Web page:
Why? No one knows, and very little effort is being invested in finding out, because there isn't money in it for investors. Not only that, but the chances are very good that the toxic contamination of our air, water, and food supply by industrial chemicals, pesticides, pharmaceuticals,and plastics may have something to do with it. Which is not something industry is going to pay money to learn.
Whatever the explanation for the huge rise in the incidence of authoimmune conditions, it is time someone educated physicians about slow onset autoimmune diabetes a.k.a. LADA. Misdiagnosing people with LADA exposes them to years of debilitating poor health. In fact the one thing that everyone with LADA who writes me says is how exhausted, wretched and sick they felt through the years when they were misdiagnosed.
Patients with LADA are not producing insulin and their cells, including brain cells, are starving. They need basal/bolus insulin regimens, and they need them as soon as possible. They also need high quality diabetes education that will teach them how to use insulin properly to maintain good control and avoid hypos.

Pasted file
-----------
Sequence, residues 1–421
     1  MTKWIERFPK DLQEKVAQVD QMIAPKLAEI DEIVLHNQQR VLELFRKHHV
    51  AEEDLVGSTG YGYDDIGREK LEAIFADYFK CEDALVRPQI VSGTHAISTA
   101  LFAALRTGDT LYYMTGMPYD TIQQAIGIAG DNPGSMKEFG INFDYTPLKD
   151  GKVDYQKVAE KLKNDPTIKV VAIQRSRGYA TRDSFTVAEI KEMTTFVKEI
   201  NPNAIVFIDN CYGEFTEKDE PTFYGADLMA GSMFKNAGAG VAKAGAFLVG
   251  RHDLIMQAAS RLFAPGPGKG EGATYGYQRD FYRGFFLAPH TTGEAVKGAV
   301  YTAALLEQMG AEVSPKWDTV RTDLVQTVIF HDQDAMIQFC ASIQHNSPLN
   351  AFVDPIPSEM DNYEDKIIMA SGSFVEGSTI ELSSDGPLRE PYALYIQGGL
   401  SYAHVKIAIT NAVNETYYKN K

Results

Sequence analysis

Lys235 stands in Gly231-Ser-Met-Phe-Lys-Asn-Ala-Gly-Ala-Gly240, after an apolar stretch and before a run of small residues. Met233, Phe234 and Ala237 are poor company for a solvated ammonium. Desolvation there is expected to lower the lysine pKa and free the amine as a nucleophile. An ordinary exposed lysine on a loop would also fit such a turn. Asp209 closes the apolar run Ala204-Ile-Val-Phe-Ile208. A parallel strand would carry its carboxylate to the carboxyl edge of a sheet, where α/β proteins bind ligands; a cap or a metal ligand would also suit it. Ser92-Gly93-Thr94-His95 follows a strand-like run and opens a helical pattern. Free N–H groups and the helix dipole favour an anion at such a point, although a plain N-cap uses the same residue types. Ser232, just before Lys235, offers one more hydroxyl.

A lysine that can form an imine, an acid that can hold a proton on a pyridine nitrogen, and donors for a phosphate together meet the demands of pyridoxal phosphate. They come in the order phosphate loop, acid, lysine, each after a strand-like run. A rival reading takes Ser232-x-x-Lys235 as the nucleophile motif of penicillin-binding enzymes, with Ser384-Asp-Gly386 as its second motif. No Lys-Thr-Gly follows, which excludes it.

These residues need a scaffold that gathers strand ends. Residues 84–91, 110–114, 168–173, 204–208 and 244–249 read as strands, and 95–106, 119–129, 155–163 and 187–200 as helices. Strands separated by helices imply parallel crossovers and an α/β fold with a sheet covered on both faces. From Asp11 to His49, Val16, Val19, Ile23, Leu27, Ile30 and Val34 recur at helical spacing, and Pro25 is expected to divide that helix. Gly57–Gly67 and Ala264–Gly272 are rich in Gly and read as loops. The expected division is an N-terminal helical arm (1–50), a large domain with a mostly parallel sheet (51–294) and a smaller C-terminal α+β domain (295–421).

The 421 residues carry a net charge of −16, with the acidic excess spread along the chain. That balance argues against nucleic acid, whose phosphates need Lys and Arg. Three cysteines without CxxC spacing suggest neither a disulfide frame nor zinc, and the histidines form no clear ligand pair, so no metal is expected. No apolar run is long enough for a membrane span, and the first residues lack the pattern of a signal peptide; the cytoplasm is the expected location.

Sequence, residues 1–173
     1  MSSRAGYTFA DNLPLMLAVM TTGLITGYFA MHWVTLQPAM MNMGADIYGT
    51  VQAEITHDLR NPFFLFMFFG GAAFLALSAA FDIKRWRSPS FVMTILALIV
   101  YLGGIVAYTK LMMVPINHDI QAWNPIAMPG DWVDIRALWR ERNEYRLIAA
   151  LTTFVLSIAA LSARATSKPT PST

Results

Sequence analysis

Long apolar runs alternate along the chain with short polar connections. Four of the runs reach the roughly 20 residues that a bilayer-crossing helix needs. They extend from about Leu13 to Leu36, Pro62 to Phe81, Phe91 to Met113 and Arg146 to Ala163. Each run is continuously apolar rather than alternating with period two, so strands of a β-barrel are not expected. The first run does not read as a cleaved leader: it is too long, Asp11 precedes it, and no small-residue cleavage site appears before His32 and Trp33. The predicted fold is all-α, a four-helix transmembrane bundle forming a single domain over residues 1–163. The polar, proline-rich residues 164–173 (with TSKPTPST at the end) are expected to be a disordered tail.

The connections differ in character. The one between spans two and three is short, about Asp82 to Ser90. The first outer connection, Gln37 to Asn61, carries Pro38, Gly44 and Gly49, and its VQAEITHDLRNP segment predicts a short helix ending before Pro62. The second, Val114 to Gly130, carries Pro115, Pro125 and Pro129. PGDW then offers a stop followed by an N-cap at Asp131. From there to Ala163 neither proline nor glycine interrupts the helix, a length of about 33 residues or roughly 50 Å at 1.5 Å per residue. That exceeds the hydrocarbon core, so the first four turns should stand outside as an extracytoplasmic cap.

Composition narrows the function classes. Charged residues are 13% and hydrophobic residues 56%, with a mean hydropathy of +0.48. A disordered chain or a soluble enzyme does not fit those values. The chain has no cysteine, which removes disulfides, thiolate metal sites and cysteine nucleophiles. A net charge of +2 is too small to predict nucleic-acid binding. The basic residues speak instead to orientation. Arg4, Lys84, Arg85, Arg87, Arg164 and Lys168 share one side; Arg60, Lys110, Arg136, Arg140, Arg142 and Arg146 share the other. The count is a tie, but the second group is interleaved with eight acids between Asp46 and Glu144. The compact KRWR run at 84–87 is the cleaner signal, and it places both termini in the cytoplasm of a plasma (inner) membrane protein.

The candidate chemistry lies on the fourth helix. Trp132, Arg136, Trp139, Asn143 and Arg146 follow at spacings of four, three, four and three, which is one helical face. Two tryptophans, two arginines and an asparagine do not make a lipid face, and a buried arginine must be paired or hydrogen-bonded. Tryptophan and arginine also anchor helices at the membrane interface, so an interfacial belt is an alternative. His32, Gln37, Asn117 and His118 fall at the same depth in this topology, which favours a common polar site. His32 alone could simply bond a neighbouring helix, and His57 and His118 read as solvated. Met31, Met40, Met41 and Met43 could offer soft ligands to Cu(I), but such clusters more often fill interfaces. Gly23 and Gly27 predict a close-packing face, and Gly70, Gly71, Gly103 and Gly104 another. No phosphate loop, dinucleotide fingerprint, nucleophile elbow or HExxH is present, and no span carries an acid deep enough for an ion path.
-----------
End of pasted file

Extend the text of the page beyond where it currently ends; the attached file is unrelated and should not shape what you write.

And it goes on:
Studies have shown that on average it takes 4 years for a person with LADA to get to where they are completely insulin dependent--and likely to develop DKA without insulin. For too many of these people, those 4 years are being spent receiving the mediocre treatment (or lack of treatment) doled out to Type 2s. They are told to lose weight. They are told to exercise and eat low fat diets. They are given oral drugs and told to keep taking them even when they are having no effect on blood sugars.
If you have a family history of autoimmune disease or a form of diabetes that is not responding well to carb restriction and oral drugs, read THIS PAGE. Write down the names of the three kinds of antibody tests. Demand that your doctor order the antibody tests and a C-peptide or fasting insulin test.
Don't believe it when a doctor tells you that you are a Type 2 unless you show near normal amounts of C-peptide and despite having diabetes for a year do not have any diabetic antibodies. (The antibody tests may be negative until you have had autoimmune diabetes for a while.) If you are given Lantus and your fasting blood sugars responds to a dose that is less than 30 units, consider asking for C-peptide tests too. Typical doses of Lantus that will have an impact on someone with classic Type 2 diabetes range from about 30 to 100 units a day with the very low dose only found in people who are small and eating low carb diets.
If your doctor won't order these tests, find a new doctor.
My guess is that there is a hefty chunk of overweight people diagnosed with "garden variety" Type 2 who actually have autoimmune forms and who would benefit from insulin supplementation. The most recent statistic I saw was that something like 8% of people diagnosed with Type 2 turn out to have diabetes-related antibodies. It is not impossible to be insulin resistant and to have an autoimmune form of diabetes. But all people with autoimmune diabetes will, after four or five years show lower than normal levels of fasting C-peptide.